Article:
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Mortgage Rates (10/23/2008)

October 23rd, 2008 2:53 PM by Lehel Szucs

Thursday's bond market opened flat but has since slipped into negative ground following early gains in stocks. The stock markets are rebounding from yesterday's afternoon sell off that pushed the Dow down over 500 points and the Nasdaq down 80 points. I suspect that this morning's rally may be short-lived so we should be looking for afternoon volatility again.

The Dow is currently up 180 points while the Nasdaq has gain 13 points. The bond market is currently down 5/32, which will likely push this morning's mortgage rates higher by approximately .125 - .250 of a discount point. If the stock markets due give back their current gains, we may see improvements to mortgage rates later in the day.

The only economic news released this morning was last week's initial unemployment claims from the Labor Department. They reported that new claims rose to 478,000 last week, which was an increase of approximately 15,000. Analysts were expecting to see lit tle change form the previous week, meaning that the employment sector is still showing signs of weakness. This is good news for bonds, but this particular report is not considered to be of high importance because it tracks only a week's worth of claims.

Tomorrow morning brings us the release of September's Existing Home Sales data from the National Association of Realtors. This report gives us an indication of housing sector strength and mortgage credit demand. I don't see it having much of an influence on the bond market or mortgage rates, but a reading that varies greatly from analysts' forecasts could lead to a slight change in mortgage pricing. It is expected to show a slight increase in sales from August to September.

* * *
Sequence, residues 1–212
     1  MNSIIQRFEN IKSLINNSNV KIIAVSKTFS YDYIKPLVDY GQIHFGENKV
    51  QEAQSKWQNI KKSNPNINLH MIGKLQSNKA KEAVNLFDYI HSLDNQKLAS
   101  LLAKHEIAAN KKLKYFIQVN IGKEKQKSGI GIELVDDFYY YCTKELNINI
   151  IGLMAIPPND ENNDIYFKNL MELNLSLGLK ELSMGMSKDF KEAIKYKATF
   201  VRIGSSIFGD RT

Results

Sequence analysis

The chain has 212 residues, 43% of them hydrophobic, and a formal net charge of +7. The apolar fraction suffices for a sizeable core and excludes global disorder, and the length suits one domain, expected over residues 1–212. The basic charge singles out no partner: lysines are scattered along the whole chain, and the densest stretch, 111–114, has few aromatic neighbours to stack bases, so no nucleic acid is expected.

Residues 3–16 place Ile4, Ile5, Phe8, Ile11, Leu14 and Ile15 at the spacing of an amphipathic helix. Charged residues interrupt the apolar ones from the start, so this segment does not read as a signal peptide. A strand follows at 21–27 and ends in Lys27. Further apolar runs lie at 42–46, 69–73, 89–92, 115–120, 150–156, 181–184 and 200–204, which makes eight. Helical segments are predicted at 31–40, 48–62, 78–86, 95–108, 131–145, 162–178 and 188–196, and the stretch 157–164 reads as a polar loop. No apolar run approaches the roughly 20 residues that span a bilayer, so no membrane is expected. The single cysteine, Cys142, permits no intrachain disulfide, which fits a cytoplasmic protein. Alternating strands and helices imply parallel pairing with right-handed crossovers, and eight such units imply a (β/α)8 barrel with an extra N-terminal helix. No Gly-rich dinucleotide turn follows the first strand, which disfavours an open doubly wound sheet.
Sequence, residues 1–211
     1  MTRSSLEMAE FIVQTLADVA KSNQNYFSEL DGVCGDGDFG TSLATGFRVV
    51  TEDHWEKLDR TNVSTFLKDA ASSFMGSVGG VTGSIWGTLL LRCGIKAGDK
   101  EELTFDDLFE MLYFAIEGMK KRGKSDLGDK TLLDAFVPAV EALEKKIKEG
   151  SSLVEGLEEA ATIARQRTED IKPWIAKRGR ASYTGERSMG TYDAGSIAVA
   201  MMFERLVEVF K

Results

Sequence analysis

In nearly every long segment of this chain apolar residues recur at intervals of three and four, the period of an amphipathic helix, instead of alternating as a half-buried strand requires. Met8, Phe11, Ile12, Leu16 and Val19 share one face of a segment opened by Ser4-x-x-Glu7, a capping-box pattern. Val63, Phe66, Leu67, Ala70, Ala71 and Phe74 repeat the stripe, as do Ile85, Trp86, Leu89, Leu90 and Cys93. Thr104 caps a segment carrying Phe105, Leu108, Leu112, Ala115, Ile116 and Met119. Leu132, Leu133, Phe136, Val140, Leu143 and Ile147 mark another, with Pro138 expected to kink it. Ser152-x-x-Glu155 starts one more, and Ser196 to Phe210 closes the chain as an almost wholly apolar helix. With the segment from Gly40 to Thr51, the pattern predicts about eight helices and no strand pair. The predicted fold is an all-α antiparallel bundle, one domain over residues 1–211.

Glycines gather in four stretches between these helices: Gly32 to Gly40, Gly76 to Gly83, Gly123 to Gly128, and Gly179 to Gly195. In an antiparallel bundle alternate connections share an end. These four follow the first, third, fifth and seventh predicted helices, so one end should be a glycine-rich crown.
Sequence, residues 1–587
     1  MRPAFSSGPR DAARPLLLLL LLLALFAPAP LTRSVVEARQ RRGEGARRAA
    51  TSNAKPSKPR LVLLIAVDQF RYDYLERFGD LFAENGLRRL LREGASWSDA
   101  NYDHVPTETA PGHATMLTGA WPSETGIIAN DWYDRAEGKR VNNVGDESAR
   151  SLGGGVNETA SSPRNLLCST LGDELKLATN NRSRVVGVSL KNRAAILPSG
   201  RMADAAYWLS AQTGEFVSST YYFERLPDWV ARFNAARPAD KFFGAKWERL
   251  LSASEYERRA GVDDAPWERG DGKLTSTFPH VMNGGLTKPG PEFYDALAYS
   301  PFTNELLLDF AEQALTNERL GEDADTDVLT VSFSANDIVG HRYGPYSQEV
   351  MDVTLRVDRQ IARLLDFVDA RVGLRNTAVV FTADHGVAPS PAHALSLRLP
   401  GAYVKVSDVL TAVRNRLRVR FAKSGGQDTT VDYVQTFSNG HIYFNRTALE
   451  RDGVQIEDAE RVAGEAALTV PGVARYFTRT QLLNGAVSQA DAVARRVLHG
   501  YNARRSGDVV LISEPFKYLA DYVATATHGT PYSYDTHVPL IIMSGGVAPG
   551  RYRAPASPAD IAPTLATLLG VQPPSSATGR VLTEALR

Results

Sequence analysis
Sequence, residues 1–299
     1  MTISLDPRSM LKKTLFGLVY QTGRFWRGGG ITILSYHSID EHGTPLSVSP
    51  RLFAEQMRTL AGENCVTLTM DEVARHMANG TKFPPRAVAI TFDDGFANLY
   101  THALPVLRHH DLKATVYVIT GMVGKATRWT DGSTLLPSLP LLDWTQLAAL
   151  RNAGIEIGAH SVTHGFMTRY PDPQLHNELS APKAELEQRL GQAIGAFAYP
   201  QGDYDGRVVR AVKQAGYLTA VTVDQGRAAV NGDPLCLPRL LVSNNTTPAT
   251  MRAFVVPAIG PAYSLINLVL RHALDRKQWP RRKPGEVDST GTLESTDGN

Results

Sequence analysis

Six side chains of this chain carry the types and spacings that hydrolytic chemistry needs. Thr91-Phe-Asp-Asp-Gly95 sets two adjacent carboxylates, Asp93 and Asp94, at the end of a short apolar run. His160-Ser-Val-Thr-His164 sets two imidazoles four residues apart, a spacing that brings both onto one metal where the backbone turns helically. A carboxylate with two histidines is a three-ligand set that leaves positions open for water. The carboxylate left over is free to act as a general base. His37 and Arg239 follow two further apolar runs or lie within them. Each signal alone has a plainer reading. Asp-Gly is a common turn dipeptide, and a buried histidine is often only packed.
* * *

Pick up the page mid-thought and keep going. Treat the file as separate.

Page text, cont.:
The recent rapid improvement in bonds has me concerned that we may see profit taking by traders that could push prices lower and mortgage rates higher. It appears that there is no consensus in the markets regarding whether or not th is is the bottom for the stock markets. It appears there is still room for the major indexes to fall further, but this may not necessarily mean that rates will improve as a result. That means that the risk versus reward factor of continuing to float an interest rate is leaning heavily to the risk side in my opinion. Accordingly, please maintain constant contact with your mortgage professional if you have not locked an interest rate yet.

If I were considering financing/refinancing a home, I would.... Lock if my closing was taking place within 7 days... Lock if my closing was taking place between 8 and 20 days... Float if my closing was taking place between 21 and 60 days... Float if my closing was taking place over 60 days from now... This is only my opinion of what I would do if I were financing a home. It is only an opinion and cannot be guaranteed to be in the best interest of all/any other borrowers.


©Mortgage Commentary 2008

Posted in:General
Posted by Lehel Szucs on October 23rd, 2008 2:53 PM

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